Braun, with Brains

As regards the Ryan Braun hoopla, a thought or three:

1) There remains a presumption of innocence in law, in regulation, and in plain fact, if not necessarily in the proverbial court of public opinion. And public opinion’s consistency is, and has usually been, only slightly more reliable than the consistency of the average public office holder.

2) Michael Weiner, the executive director of the Major League Baseball Players’ Association, stresses that baseball’s stringent enough drug testing policies were designed in part to prevent a rush to judgment. Never mind that it will do nothing of the sort in actual fact, considering that rushing to judgment is precisely what enough professional baseball analysts and elements of public opinion are doing.

3) Senator John McCain (R-Arizona), who resists few opportunities for even an abbreviated grandstand, thought he was being funny when he called for a do-over of the National League Division Series in which the Milwaukee Brewers out-lasted the Arizona Diamondbacks. It would appear the thing McCain can resist even less than a chance for a grandstand is the chance to point the way to wisdom by taking positions exactly opposed to it.

4) Braun is taking risk enough in taking the offencive since his positive drug test was made news by T.J. Quinn and Mark Fainaru-Wada of ESPN. If his appeal is denied, if he cannot convince arbitrator Shyam Dyas that the test was indeed erroneous, he’s going to look foolish at best.

Does he fit the (actual or alleged) profile?

5) Those who observe that Braun doesn’t fit the stereotype, actual or alleged, of those who have been known to use performance-enhancing substances, actual or alleged, have a pretty point. Aside from his physical appearance, Braun in 2011 actually experience nothing of the kind of statistical spike from his career averages that one might think somewhat typical of the PED (actual or alleged) user. Since the positive test occurred during the postseason, there is, as Jayson Stark reminds us, no evidence–none–that Braun was doing something untoward during the regular season, which is what the Most Valuable Player award addresses. Consider:

a) He hit 33 home runs on the regular season, which happens to be one home run higher than his career seasonal average to date.

b) He had 77 total extra base hits, which happens to be two higher than his to-date career seasonal average.

c) He hit one more double (38) than his career seasonal average.

d) He scored eight more runs and drove in five more than his career seasonal averages.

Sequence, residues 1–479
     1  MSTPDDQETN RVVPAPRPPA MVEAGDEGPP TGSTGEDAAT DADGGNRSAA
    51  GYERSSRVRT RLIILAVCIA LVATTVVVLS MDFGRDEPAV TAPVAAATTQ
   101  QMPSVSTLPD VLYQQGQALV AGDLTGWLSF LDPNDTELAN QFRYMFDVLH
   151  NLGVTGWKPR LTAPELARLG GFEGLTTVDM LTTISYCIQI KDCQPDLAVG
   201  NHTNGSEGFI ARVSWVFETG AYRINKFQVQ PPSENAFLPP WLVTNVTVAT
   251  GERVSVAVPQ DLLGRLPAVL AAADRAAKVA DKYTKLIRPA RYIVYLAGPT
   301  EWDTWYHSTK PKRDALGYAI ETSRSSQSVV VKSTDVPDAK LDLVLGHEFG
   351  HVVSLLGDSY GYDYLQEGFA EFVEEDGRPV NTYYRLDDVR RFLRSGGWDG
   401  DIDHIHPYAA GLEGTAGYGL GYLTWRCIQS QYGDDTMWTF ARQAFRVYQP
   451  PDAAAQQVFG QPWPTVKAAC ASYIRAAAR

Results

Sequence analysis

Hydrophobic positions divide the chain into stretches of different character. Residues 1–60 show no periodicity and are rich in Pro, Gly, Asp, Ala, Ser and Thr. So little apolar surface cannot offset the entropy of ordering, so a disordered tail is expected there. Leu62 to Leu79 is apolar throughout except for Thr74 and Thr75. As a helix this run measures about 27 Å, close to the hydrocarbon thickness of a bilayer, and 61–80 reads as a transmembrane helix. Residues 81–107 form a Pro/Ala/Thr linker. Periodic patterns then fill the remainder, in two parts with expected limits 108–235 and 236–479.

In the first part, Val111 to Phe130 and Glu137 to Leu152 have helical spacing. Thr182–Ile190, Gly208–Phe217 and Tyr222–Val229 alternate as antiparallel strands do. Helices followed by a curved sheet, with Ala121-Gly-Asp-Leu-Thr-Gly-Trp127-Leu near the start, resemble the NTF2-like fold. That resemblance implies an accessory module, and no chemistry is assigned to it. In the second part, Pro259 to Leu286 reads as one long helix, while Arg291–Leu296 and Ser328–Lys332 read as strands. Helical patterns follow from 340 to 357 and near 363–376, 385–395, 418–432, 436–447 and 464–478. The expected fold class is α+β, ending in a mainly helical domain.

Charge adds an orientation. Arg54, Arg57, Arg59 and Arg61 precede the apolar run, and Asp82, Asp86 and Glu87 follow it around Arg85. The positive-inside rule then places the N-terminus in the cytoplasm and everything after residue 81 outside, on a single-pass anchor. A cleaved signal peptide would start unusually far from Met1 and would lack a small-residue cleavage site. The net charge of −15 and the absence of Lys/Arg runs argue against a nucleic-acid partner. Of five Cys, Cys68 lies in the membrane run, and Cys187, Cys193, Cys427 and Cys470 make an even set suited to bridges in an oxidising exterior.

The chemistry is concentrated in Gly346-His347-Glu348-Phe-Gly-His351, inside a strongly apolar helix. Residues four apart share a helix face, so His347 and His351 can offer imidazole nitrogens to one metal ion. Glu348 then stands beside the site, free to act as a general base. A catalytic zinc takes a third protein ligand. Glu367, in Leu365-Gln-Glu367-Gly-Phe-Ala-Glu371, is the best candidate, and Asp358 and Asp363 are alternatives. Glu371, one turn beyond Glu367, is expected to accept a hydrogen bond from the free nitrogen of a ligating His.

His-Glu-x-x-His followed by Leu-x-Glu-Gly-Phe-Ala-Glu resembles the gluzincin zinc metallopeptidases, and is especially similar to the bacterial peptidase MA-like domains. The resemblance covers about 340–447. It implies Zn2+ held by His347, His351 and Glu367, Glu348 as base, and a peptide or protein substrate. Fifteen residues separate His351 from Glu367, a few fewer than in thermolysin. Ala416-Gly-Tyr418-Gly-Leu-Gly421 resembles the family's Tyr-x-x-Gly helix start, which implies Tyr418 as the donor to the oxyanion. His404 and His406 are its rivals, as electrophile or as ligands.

e) His 2011 on-base and slugging percentages were higher than his 2010 figures, but neither of the 2011 percentages was his career peak.

f) ESPN’s Home Run Tracker determined that Braun’s average home run distance in fact shrank during 2011–to 407.3, from 408.2.

6) It is not unreasonable to conclude that Braun won his Most Valuable Player award on the square, or at least on grounds nothing much different than his career thus far.

7) It was further reasonable, even before the October test result became known, to question Braun’s MVP on the grounds that a player who was worth 7.7 wins above a replacement-level player should not have been considered the most valuable player above another player, Matt Kemp of the Los Angeles Dodgers, who was worth 10.0 wins above a replacement-level player. Had the Dodgers not been a turmoil-wracked team, the turmoil not exactly residing in their clubhouse, destined for a near no-show in the National League West otherwise, Kemp and not Braun would have been the National League’s most obvious MVP.

8) Those who clamour for the revocation of Braun’s MVP may be clamouring for not just a slippery slope but a snapped elevator cable. If you want to revoke Braun’s MVP before there is final and incontrovertible proof that he cheated, that he derived an unreasonable performance advantage, never mind that you’d be arguing he “cheated” his way to practically his career averages, are you prepared to revoke previous hardware awarded previous performers caught or confessing to have used actual or alleged performance-enhancing substances during the period the hardware recognised?

9) You’d be very hard pressed to argue that Braun enjoyed any kind of competitive advantage untied to his core ability, considering the Brewers required a complete five-game set to push the Diamondbacks to one side—with only Game Five being a close-game win—and move on to lose the pennant in a six-game set to the Cardinals. Both Brewer wins in the set were reasonably close; the Cardinals won one close game (Game Three) and ran away with two games (Game Two and Six) that looked close only for brief interludes (they led 5-2 after four in Game Two; they had a 5-4 lead after two in Game Six, before a four-run outburst in the top of the third to which the Brewers had few if any answers the rest of the game).

10) Braun could very well enjoy a sad last laugh, and it would do nothing toward dissipating the syndrome of denying the facts their precedence over a juicy story.

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